December 18, 2008

The Chronicles of Narnia: The Voyage of the Dawn Treader

The Voyage of the Dawn Treader is a fantasy novel for children by C. S. Lewis. Written in 1950, it was published in 1952 as the third book of The Chronicles of Narnia. Current editions of the series are numbered using the internal chronological order making Dawn Treader the fifth book.

Plot summary

The two youngest Pevensies, Lucy and Edmund, are staying with their cousin Eustace Scrubb while Peter is studying for his university entrance exams with Professor Kirke, and the Pevensie parents and Susan are traveling through America. Edmund, Lucy and Eustace are unexpectedly drawn into Narnia through a painting of a ship and land in the ocean near Caspian's ship, the titular Dawn Treader.

Caspian (now King Caspian) has undertaken a quest to find the seven lost Lords of Narnia, as he had previously promised Aslan. Lucy and Edmund are delighted to be back in Narnia, but Eustace is less than enthusiastic. Reepicheep is also on board, as he has vowed to find the seas of the "utter East".

They first make landfall at the Lone Islands, which are nominally Narnian territory, but have fallen away from Narnian ways - among other things, they participate in the slave trade. Caspian, Lucy, Edmund, Eustace and Reepicheep are captured, as they cross Felimath, by a slave trader in order that they may be sold as slaves. A man "buys" Caspian before they even make it to the slave market. He turns out to be the first lost lord, Lord Bern, and acknowledges Caspian as his King when Caspian reveals his identity. Before they leave the island, Caspian re-claims it for Narnia, overthrows the greedy governor, and replaces him with the Lord Bern, whom he names Duke of the Lone Islands.

At the second island they visit, Eustace leaves the group to avoid doing any work. He hides in a dead dragon's cave to escape a sudden downpour. The dragon's treasure arouses his greed, and he fills his pockets with gold and jewels and puts on a large golden bracelet but as he sleeps, he is transformed into a dragon, though one with the memories and personality of Eustace. As a dragon, he becomes aware of how bad his previous behaviour was, and uses his strength to help make amends. Aslan turns Eustace back into a boy, and as a result of the visit, Eustace becomes a much nicer person. When Eustace, as a boy, is finally able to take off the bracelet, Caspian recognizes that it belonged to another lord, Lord Octesian; presumably either the dragon killed Octesian and added the bracelet to its hoard or possibly the dragon was Lord Octesian.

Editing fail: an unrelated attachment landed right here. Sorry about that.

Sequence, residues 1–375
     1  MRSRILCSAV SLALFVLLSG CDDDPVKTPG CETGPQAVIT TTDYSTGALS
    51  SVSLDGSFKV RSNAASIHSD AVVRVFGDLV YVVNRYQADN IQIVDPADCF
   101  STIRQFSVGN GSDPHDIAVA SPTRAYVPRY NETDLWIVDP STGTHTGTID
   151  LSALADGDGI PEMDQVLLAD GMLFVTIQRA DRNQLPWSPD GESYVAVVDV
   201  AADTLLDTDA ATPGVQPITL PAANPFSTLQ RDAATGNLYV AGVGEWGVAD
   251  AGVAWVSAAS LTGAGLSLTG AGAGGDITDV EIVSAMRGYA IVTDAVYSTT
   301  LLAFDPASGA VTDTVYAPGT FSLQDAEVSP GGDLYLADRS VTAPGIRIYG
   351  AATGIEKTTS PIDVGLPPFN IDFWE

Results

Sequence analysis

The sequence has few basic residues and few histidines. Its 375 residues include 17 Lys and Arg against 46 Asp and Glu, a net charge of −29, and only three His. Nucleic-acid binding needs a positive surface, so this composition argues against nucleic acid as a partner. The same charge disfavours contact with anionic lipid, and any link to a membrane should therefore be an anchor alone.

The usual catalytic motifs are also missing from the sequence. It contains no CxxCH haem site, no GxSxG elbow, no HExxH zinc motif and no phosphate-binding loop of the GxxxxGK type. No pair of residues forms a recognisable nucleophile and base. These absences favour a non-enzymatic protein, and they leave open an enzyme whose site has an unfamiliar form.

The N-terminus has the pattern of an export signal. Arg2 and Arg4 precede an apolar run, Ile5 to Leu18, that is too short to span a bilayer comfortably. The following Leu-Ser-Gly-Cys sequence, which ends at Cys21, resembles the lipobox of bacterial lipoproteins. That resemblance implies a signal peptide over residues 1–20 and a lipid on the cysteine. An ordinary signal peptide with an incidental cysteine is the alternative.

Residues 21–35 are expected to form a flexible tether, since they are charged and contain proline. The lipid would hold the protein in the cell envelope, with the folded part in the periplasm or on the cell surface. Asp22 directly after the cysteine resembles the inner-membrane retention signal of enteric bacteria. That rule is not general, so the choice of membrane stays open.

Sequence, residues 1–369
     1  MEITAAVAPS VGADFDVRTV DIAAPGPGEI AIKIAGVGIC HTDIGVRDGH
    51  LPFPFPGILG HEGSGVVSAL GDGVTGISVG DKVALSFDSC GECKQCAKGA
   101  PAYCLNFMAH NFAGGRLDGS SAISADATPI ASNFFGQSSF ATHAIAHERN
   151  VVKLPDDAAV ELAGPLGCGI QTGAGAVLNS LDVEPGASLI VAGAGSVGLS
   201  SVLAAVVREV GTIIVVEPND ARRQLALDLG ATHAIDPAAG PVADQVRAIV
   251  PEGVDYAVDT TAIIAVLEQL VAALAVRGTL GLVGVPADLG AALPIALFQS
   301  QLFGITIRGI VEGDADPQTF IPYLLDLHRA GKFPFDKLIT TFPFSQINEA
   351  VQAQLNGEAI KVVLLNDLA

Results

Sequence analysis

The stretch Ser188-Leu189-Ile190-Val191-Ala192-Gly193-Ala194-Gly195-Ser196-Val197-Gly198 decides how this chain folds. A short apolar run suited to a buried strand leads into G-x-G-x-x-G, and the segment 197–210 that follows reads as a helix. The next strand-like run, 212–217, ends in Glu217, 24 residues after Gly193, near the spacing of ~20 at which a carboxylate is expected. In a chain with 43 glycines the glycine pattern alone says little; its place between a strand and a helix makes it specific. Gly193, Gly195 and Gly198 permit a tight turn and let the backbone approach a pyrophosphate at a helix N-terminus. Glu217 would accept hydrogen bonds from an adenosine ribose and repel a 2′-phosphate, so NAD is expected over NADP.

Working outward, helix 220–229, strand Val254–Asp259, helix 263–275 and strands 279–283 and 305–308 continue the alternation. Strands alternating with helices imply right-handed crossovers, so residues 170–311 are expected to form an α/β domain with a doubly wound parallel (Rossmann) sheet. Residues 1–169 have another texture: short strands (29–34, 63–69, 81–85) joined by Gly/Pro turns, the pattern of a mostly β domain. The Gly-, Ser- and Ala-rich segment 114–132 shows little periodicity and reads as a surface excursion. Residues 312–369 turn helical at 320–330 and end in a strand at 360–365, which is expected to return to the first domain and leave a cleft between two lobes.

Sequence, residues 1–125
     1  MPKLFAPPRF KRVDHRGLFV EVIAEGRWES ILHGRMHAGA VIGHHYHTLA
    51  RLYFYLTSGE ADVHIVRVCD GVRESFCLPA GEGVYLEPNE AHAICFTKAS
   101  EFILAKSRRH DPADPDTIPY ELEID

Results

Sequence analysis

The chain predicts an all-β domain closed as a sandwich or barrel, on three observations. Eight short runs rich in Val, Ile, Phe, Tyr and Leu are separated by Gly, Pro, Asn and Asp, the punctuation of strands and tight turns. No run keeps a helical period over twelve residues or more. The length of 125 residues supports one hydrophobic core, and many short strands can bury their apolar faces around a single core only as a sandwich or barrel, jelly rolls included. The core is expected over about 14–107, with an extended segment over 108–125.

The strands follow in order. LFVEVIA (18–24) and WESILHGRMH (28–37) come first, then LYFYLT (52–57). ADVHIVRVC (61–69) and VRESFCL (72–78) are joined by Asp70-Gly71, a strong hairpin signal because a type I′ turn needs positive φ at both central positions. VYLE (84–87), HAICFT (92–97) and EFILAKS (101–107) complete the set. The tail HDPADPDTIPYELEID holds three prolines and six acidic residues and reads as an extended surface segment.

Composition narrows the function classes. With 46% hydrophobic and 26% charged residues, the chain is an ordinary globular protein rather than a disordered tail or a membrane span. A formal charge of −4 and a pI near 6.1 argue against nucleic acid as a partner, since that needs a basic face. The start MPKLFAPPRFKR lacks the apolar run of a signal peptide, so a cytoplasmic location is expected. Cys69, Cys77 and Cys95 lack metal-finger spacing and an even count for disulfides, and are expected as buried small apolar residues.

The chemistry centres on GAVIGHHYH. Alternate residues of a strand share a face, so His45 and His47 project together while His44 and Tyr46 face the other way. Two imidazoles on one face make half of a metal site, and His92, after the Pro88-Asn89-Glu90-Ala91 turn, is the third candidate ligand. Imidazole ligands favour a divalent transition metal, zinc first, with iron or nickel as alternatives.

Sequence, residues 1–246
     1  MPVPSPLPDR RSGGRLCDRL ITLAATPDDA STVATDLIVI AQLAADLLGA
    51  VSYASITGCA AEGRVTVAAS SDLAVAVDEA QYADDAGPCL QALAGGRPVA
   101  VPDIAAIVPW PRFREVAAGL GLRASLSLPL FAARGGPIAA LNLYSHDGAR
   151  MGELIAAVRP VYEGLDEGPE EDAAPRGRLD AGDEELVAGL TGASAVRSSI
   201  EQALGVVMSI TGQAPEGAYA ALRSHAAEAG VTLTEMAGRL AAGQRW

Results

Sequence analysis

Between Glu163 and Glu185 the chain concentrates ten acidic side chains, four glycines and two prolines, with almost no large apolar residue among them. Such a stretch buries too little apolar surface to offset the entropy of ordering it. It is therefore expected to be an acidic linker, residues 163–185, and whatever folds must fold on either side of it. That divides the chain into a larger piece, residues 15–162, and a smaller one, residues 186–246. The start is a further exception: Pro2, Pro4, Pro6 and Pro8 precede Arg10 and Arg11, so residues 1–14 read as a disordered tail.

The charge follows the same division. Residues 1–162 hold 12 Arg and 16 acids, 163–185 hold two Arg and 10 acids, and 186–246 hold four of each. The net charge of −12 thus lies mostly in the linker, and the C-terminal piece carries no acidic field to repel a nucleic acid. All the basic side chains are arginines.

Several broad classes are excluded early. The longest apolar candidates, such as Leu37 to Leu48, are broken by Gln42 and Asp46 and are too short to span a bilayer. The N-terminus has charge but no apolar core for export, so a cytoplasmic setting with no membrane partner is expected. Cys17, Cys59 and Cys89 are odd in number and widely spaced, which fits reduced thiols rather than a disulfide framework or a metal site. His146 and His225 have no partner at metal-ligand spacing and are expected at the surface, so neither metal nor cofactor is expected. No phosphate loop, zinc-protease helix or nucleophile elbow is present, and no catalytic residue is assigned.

In addition, they visit Burnt Island, Deathwater Island (so named for a pool of water which turns everything immersed in it into gold, including one of the missing lords), the Duffers' Island and the Island Where Dreams Come True. This last island, where nightmares become real, is never seen, but is where they find a crazed Lord Rhoop. At last, they come to the Island of the Star, where they find the three remaining lost lords in an enchanted sleep. The fallen star inhabiting the island, Ramandu, informs them that the only way to awaken them is to sail to the edge of the world and leave one member of the crew behind, at the World's Edge.

The Dawn Treader continues sailing into an area where merpeople dwell and the water turns sweet rather than bitter and salty. At last the ship can go no further as the water has become too shallow, Caspian orders the boat to be lowered and announces that he will be going to the world's end with Reepicheep. The crew argue with him, saying that as King of Narnia he has no right to abandon them. Caspian goes to his cabin in a temper, but returns and says that Aslan appeared in his cabin and told him that Lucy, Edmund, Eustace and Reepicheep would go on but everyone else would return to Narnia.

Lucy, Edmund, Eustace and Reepicheep venture in a small boat through an ocean of flowers until they reach a wall of water that extends into the sky. Reepicheep paddles his coracle up the waterfall, and is never again seen in Narnia, thus fulfilling Ramandu's prophecy. Edmund, Eustace, and Lucy walk in a strange land where they find a lamb. The lamb turns into Aslan who tells them that Edmund and Lucy will not return to Narnia and that they should learn to know him by another name in their own world. He then sends the children home. An afterword type section at the end of the book reveals people marveling at Eustace's change in character. It also reveals that Caspian marries Ramandu's daughter.

Source: Wikipedia

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